How Time and Newsweek Memorialize 9/11, or the Sad Demise of one that was once was a Decent Magazine
As we approach Sunday’s tenth anniversary of 9/11, we are being inundated with every newspaper and magazine’s take on what we are supposed to think about its meaning. Some serious journals of opinion, of course, have essays by authors who have something to say. Hence, in evaluating the mainstream media’s take, I do not include a magazine like The New Republic, whose issue dated September 15th includes essays by contributors like Fouad Ajami, Martin Peretz, Peter Bergen, Pete Hamill, Lawrence F. Kaplan, Sam Tanenhaus, and especially Paul Berman, whose writings have perhaps more than anyone else alerted many to the threat from radical Islam.
But let us instead consider the 9/11 issue of both Time and Newsweek. Time begins with the photos taken on that day by James Nachtwey, and a chilling personal essay by the photographer himself about how he came to be there and what he experienced. Here is one paragraph that gives you the flavor of his reporting:
It was so completely black I couldn’t see my hand in front of my face. It’s what I would imagine it’s like to be blind. I thought I was buried alive under the rubble. I was gagging and could hardly breathe but knew I had to move. I called out to determine if anyone else was there who might be injured and need help, but there was no answer. I continued to inch my way forward. Eventually I saw tiny pinpoints of light in the blackness and realized they were the lights of vehicles on the street. At that point I knew I was outside, that I wasn’t buried, and I oriented myself northward and kept moving. When I saw light emanating through the blackness I understood I was coming out of the deadly cloud.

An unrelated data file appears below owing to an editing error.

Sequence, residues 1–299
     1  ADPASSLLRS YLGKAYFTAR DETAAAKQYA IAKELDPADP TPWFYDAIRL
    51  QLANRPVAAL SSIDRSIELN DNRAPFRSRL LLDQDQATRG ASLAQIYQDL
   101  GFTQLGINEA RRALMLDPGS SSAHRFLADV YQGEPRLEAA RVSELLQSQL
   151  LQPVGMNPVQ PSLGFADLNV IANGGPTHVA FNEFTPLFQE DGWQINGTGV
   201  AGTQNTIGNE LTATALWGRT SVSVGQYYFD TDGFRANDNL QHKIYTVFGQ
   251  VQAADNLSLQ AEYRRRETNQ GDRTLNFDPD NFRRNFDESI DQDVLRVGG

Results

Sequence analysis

One of the reasons we have photos of the tragic day is because of dedicated press people like Nachtwey, who, on his own, grabbed a camera and ran to the site, as everyone else was going in the other direction.
The heart of the magazine is its section titled “Beyond 9/11,” which presents a montage of photos and the words of those who played a role, beginning with President George W. Bush, and including firefighter Bob Beckwith; widows of those who perished like Lyzbeth Glick Best, whose husband perished on Flight 93; “America’s Mayor” Rudy Giuliani; Dick Cheney; antiwar activist Cindy Sheehan; war vets; and many others. One can quibble with the selection, but by and large, the issue is worthwhile. They have some short essays by contributors, but of course, nothing equivalent to those like that by Berman in TNR. It is what you would expect from a mass magazine.
Newsweek, however, is another story. It is obvious, if one compares what once was a case of similar magazines that left most people to choose one or the other to look at for their summary of the previous week, the magazine has seen better days.